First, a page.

It is not often that one can confidently claim that a single remedy could make billions of people around the world significantly better off; do so in a durable and mutually supportive manner; and thus improve the well-being of both current and future generations. Yet that is the case today.
The remedy I have in mind, of course, is faster economic growththe one thing that can raise living standards, reduce excessive inequalities, improve job prospects, alleviate trade tensions, and even moderate geopolitical pressures. And most forecastersincluding the International Monetary Fund and the World Bankare now predicting that global growth will pick up in 2014, and that it will be more balanced among the worlds major economic regions.
Such forecasts reflect three welcome developments. For starters, Europe will exit recession, with the peripheral economies benefiting from the strongest relative improvement in growth prospects. Meanwhile, 3% annual GDP growth is no longer out of reach for the United States. And emerging economies will be anchored by Chinas slower but still-robust 7% annual growth.
But, while the prospect of faster global growth is indeed good news, especially given the still-high unemployment in many countries and the associated pressures on social safety nets, it is too early to celebrate. There is a risk that, by tempting policy complacency, this years economic upturn could end up being counterproductive.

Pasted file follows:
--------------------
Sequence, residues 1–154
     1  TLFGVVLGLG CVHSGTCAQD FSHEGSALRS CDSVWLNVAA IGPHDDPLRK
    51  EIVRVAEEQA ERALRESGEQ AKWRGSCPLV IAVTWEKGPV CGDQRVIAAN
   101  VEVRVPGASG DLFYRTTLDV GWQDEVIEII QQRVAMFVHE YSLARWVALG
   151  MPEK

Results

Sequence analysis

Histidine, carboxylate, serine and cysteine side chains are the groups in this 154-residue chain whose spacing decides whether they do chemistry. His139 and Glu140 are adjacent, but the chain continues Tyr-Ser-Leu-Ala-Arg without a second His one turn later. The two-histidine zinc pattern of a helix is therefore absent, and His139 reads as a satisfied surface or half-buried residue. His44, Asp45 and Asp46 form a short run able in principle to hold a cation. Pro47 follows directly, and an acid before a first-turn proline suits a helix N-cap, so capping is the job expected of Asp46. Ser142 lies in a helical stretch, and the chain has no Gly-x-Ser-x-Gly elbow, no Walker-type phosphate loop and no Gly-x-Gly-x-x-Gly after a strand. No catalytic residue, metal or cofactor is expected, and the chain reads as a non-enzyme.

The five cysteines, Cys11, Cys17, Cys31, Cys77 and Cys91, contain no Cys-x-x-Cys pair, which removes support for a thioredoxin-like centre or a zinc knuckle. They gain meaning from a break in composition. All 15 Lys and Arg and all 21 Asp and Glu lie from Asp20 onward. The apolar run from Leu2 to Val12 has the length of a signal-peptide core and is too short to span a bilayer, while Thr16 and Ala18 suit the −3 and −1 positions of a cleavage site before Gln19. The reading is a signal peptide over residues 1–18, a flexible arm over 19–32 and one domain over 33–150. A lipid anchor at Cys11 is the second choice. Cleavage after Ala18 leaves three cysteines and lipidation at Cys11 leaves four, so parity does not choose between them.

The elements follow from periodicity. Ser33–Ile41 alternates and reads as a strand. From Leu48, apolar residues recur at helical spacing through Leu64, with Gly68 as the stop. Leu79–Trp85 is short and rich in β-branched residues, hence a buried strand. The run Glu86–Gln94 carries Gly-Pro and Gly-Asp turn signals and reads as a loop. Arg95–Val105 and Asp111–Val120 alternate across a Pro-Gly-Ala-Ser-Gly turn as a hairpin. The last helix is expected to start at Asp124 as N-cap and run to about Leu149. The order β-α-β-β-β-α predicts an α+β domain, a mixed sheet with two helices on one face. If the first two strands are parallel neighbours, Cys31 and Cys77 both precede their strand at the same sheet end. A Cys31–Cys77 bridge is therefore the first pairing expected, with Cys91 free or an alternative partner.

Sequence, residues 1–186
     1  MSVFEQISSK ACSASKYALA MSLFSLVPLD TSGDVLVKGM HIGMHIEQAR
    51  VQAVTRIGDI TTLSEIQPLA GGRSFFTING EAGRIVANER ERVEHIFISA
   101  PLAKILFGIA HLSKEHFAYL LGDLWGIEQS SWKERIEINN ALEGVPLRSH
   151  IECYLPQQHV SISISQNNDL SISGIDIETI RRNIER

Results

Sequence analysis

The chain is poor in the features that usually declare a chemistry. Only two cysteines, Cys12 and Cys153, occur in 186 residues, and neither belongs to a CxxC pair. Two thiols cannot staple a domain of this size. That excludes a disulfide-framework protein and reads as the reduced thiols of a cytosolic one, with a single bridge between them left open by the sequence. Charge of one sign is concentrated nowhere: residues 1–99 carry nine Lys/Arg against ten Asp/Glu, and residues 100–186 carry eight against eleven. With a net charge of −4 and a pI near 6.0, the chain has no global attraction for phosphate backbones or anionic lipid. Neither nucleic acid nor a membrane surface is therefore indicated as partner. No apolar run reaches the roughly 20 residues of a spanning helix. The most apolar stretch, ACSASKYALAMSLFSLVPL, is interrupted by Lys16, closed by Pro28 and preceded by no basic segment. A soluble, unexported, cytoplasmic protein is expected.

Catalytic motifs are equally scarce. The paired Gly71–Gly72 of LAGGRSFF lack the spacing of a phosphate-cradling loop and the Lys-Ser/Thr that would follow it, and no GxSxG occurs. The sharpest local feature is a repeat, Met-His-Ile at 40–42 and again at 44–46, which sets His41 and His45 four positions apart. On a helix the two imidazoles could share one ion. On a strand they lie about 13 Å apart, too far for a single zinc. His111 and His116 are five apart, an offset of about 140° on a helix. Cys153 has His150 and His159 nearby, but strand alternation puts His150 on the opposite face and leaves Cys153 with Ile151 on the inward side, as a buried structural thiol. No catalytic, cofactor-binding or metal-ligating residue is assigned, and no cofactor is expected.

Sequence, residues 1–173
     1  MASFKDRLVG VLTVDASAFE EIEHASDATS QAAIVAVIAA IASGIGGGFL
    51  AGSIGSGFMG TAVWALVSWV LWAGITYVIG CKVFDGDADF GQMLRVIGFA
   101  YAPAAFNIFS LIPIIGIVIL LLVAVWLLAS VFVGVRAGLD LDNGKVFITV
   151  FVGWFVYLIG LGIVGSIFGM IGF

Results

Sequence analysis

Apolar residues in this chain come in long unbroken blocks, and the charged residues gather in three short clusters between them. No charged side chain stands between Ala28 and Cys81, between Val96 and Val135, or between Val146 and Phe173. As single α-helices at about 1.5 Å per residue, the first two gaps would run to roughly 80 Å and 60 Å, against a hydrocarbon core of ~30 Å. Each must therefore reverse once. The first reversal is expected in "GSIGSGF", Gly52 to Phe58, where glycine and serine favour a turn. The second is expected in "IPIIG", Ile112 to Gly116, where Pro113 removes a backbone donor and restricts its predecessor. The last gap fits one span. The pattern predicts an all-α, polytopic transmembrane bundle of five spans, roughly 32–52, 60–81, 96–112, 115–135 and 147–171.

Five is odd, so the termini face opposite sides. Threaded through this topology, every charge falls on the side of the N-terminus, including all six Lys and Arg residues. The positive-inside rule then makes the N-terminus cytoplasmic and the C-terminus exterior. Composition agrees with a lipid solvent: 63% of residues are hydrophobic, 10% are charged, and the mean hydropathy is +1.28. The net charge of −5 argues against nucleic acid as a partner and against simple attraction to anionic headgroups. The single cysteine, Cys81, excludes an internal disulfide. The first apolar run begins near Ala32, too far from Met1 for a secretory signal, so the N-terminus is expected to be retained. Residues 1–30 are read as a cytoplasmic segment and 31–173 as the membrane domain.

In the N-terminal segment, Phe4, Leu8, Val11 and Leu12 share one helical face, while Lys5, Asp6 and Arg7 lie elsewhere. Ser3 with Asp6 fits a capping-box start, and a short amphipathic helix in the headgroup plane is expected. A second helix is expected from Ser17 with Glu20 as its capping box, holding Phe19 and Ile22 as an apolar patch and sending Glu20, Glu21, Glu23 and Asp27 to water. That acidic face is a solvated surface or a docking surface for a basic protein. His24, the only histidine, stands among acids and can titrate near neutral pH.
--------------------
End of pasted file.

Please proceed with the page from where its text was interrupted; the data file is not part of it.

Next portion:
This is not because the predicted acceleration in growth is still quite modest. After all, even a limited uptick can make a significant difference if it is part of an encouraging medium-term growth dynamic. Rather, the risk lies in the manner in which this growth is likely to materialisenamely, by depending too much on old and exhausted growth models, rather than by comprehensively embracing new ones.
In Europe, growth this year will largely reflect the impact of financial stabilisation, not deep structural reforms. With interest-rate spreads having compressed sharply, and with the threat of a meltdown averted, both domestic and foreign investors continue to return to peripheral economies, thereby alleviating severe credit rationing. That is certainly good news, especially if the source of stabilisation is shifted from the European Central Banks unconventional policies to more durable endogenous balance-sheet healing among a broader set of financial institutions, non-financial firms, and households.
But few of these economies are prepared to embark on the type of internal reforms that promise sustained high growth rates and a substantial reduction in unemployment, which has been at alarming levels